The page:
By Associated Press - Friday, November 27, 2015

BOZEMAN, Mont. (AP) - The U.S. Department of Justice is trying to stop a Montana lawyer and others from running or promoting a program that appears to facilitate philanthropic donations of timeshares, but actually led customers to commit tax fraud and didn’t give much to charity, according to a court filing.

The U.S. Attorney’s office filed the injunction in U.S. District Court in Butte on Monday against James Tarpey of Bozeman, two of his companies and three people who did appraisals for the program Donate for a Cause.

IRS investigators say Tarpey’s operation promotes donating unwanted timeshares to charity in exchange for a tax write-off. But the program charges thousands of dollars in fees, federal prosecutors say, and appraisers tied to Tarpey’s companies grossly overvalued the timeshares, leading the sellers to claim improper tax deductions. Customers were also told they could deduct the processing fees they paid to Resort Closings, a business controlled by Tarpey.

Tarpey did not immediately respond to a phone message from The Associated Press on Friday. He declined to comment when contacted by the Bozeman Daily Chronicle earlier this week.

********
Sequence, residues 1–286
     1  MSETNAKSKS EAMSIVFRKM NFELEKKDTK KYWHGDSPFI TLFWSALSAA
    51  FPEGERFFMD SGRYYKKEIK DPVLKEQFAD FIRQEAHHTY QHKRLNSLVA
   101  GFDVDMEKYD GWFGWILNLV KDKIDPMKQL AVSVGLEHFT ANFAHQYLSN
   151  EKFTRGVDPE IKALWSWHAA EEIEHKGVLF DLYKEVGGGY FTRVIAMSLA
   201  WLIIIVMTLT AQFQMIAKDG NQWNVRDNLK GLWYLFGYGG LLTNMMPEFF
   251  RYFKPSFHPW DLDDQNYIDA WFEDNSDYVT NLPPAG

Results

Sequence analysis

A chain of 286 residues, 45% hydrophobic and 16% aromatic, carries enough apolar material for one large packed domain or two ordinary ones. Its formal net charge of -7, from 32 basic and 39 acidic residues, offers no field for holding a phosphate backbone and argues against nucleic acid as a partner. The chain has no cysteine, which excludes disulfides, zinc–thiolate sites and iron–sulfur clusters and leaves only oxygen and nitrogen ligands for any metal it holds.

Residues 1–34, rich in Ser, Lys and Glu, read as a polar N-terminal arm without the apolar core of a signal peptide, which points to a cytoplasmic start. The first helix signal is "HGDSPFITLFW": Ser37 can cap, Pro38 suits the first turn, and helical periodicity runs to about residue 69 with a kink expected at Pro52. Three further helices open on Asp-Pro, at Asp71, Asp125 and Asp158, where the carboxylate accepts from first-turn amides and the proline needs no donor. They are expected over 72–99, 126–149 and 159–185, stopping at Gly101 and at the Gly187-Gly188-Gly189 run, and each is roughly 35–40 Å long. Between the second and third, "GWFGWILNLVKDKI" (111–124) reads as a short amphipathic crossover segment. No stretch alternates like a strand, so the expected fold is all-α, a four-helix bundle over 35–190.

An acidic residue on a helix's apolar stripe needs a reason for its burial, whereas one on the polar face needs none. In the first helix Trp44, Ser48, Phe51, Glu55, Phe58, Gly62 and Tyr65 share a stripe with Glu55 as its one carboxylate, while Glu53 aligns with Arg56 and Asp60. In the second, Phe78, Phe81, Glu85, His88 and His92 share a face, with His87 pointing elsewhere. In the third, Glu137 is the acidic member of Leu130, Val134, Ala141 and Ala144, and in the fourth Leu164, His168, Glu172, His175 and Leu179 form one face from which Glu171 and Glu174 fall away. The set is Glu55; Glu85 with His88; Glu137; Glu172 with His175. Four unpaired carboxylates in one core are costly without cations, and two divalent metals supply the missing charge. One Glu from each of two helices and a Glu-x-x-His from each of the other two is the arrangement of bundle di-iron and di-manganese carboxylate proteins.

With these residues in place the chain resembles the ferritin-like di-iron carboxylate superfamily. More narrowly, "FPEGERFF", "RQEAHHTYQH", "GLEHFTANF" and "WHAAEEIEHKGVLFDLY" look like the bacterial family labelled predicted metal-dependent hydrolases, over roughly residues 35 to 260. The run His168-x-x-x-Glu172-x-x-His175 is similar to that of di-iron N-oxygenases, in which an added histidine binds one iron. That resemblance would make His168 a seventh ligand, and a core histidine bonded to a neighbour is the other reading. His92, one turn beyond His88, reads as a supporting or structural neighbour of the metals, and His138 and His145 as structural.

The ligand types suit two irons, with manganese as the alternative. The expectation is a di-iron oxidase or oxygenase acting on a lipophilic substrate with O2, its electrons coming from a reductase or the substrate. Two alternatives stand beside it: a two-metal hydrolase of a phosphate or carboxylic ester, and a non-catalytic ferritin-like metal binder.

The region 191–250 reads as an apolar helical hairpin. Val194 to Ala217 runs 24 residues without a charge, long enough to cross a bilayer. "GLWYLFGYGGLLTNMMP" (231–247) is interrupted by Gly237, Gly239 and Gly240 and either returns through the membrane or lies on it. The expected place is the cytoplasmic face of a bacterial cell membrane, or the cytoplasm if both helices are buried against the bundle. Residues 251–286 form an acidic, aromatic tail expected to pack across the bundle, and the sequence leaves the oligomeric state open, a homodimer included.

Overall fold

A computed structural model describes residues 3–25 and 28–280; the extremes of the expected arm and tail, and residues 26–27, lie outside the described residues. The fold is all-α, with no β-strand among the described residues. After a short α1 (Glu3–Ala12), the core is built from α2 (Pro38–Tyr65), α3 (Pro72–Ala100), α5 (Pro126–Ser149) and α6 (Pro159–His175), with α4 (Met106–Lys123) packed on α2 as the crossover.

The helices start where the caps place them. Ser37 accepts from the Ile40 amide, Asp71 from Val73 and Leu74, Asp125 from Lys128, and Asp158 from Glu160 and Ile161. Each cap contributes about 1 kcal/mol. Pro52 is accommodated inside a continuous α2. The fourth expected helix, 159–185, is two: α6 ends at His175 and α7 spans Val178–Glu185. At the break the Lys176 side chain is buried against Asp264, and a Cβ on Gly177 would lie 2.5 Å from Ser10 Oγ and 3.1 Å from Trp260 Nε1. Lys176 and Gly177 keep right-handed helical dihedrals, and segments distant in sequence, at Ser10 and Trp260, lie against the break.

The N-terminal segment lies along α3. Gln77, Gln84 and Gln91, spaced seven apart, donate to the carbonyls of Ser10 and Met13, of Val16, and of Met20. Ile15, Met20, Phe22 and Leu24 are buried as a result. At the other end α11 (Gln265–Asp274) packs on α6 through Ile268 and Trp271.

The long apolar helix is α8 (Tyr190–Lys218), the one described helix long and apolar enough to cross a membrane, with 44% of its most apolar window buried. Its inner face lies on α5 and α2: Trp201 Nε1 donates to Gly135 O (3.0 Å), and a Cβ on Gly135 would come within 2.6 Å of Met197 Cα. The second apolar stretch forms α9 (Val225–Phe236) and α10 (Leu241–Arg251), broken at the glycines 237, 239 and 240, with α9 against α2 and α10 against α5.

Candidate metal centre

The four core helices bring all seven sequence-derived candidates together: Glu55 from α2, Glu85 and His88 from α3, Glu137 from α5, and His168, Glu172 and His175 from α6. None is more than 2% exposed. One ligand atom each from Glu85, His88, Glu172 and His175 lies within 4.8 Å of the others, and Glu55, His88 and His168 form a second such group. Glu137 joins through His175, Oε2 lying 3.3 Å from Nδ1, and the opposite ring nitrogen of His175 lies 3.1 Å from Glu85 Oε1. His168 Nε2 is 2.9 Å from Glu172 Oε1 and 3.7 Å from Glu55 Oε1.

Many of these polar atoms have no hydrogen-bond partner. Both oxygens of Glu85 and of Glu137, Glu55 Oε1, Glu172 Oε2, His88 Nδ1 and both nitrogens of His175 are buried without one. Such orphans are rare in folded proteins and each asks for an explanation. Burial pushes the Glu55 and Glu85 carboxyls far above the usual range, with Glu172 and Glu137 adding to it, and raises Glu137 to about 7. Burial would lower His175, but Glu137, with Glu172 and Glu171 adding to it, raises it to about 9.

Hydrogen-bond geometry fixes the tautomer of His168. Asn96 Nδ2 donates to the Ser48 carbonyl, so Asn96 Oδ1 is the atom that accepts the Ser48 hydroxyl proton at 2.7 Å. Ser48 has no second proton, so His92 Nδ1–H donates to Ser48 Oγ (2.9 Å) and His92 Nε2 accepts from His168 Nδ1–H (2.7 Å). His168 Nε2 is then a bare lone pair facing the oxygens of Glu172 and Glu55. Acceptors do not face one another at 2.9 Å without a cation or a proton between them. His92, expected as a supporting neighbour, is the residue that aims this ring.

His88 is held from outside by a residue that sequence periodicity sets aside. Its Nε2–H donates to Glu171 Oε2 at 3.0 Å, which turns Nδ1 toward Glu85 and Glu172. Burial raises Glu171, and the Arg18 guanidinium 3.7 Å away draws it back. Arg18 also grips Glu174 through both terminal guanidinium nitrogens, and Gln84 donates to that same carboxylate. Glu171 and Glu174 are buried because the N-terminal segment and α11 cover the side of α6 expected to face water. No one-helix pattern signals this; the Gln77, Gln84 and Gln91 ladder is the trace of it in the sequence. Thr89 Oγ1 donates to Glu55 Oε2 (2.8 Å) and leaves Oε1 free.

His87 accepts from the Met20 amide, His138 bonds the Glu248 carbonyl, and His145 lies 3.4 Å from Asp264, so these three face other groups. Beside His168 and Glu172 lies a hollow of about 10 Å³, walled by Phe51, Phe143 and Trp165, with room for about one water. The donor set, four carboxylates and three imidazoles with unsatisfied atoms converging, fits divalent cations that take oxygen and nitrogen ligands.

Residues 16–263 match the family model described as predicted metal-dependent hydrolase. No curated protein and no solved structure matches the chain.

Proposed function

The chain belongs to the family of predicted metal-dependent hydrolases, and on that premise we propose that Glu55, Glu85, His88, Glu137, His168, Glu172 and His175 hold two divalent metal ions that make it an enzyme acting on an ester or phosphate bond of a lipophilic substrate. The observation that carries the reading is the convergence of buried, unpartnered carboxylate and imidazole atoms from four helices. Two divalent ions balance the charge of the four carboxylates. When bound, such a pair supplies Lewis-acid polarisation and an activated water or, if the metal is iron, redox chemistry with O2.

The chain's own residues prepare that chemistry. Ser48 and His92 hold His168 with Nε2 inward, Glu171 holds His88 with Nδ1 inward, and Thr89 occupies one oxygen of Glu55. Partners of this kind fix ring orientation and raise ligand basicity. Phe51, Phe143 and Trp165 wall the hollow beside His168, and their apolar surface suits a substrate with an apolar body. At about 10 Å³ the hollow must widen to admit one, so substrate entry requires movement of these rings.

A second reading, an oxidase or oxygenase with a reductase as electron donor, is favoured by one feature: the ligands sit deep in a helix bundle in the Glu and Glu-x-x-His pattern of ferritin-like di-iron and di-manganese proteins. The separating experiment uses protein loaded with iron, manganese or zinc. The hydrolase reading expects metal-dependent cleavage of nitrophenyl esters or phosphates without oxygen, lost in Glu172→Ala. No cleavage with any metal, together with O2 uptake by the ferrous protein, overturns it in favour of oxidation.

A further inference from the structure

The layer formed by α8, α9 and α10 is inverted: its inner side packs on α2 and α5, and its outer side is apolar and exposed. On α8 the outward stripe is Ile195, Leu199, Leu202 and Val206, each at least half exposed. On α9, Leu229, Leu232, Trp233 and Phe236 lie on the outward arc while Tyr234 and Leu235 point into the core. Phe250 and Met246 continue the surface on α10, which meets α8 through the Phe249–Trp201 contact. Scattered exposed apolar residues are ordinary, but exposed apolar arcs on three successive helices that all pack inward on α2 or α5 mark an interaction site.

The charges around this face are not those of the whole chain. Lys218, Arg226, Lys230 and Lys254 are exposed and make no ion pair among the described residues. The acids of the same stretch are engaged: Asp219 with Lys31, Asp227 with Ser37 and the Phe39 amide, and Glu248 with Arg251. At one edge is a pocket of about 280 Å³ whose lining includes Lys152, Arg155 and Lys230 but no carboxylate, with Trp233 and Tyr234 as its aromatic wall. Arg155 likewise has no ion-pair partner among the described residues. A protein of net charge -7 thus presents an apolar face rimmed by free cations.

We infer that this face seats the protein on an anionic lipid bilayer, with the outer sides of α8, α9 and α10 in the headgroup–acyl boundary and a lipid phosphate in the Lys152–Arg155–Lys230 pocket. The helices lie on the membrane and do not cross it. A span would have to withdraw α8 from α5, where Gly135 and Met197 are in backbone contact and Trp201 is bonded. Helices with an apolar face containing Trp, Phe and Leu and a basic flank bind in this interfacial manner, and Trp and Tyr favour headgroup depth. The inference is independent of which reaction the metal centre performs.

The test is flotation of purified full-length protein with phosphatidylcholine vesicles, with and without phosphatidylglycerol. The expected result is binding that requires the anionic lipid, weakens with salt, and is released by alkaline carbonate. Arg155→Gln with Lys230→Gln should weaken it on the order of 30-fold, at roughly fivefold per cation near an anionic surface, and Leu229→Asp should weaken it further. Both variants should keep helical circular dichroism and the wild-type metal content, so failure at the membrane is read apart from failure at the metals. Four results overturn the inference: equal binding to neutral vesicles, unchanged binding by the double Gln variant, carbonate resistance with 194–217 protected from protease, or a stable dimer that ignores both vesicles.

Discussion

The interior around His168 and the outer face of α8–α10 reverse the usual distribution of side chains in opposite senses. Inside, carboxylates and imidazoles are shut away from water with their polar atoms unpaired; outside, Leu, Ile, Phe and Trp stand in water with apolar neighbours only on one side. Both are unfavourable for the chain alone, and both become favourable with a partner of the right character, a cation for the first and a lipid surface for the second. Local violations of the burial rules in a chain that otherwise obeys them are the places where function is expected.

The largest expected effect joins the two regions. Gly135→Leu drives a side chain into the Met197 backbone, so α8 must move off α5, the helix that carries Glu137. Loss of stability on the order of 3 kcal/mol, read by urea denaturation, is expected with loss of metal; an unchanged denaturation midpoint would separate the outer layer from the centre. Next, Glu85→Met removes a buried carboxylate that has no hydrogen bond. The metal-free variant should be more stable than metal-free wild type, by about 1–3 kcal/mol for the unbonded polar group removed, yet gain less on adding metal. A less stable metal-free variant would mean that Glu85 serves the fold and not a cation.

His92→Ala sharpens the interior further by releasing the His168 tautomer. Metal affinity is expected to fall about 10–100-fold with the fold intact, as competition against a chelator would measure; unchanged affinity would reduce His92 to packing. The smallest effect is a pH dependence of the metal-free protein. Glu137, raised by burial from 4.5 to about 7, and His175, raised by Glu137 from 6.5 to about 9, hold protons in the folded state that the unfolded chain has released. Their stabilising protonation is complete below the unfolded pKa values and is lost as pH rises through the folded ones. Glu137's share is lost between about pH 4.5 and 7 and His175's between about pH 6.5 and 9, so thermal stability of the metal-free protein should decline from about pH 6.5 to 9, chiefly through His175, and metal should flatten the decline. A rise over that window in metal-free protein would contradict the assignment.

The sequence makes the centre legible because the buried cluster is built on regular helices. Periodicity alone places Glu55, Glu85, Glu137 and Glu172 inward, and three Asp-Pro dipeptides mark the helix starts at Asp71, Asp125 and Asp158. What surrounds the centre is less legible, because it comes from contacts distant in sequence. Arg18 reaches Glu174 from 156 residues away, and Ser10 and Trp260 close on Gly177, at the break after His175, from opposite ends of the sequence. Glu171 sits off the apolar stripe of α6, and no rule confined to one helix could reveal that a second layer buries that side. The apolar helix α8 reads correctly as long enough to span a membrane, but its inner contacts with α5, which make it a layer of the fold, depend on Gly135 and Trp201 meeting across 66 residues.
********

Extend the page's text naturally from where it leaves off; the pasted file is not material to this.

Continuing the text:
The IRS estimates that since 2010, Donate for a Cause led customers to give away 5,523 timeshares. Based on a review of nearly 3,000 of those files, the IRS determined the defendants caused its customers to take more than $19.4 million in improper tax deductions and claim deductions of $9.1 million for processing fees.

“Defendants’ customers are also harmed because they are liable for any unpaid tax, plus interest and penalties, after having paid to participate in the timeshare donation scheme that failed to deliver the promised tax benefits,” the complaint says. “IRS scrutiny has not deterred defendants from promoting this abusive tax scheme” that exploits the difficulties in the timeshare resale market.

Since 2010, Tarpey’s organization has generated more than $17.6 million in total revenue, but Donate for a Cause has made charitable contributions of less than $1.5 million, the complaint states. Donate for a Cause advertises that it has donated more than $3.5 million to charity, the government said.

The IRS reviewed a sample of appraisals the defendants prepared for timeshares in 2010, 2011 and 2012 and found the timeshares sold on eBay for an average of 3 to 4 percent of the appraised amount. Ninety percent of the timeshares sold for less than $1,000.

The complaint says one customer who purchased a timeshare in Mexico for nearly $11,000 in 2004, paid $2,800 in fees to Resort Closings and received an appraisal for $8,740 for a timeshare that sold for $81.

A Las Vegas timeshare purchased for nearly $30,000 in 2005 was conveyed to Donate for a Cause in 2010. The owner was billed more than $3,300 in fees and the timeshare was appraised at $30,000, but sold for just over $1,000.

The complaint also asks the court to order Tarpey and his businesses to turn over the names, addresses, email addresses, phone numbers and Social Security or tax ID numbers of all customers for whom they have provided a timeshare appraisal since 2010.

Tarpey and the other defendants have a month to reply to the complaint.

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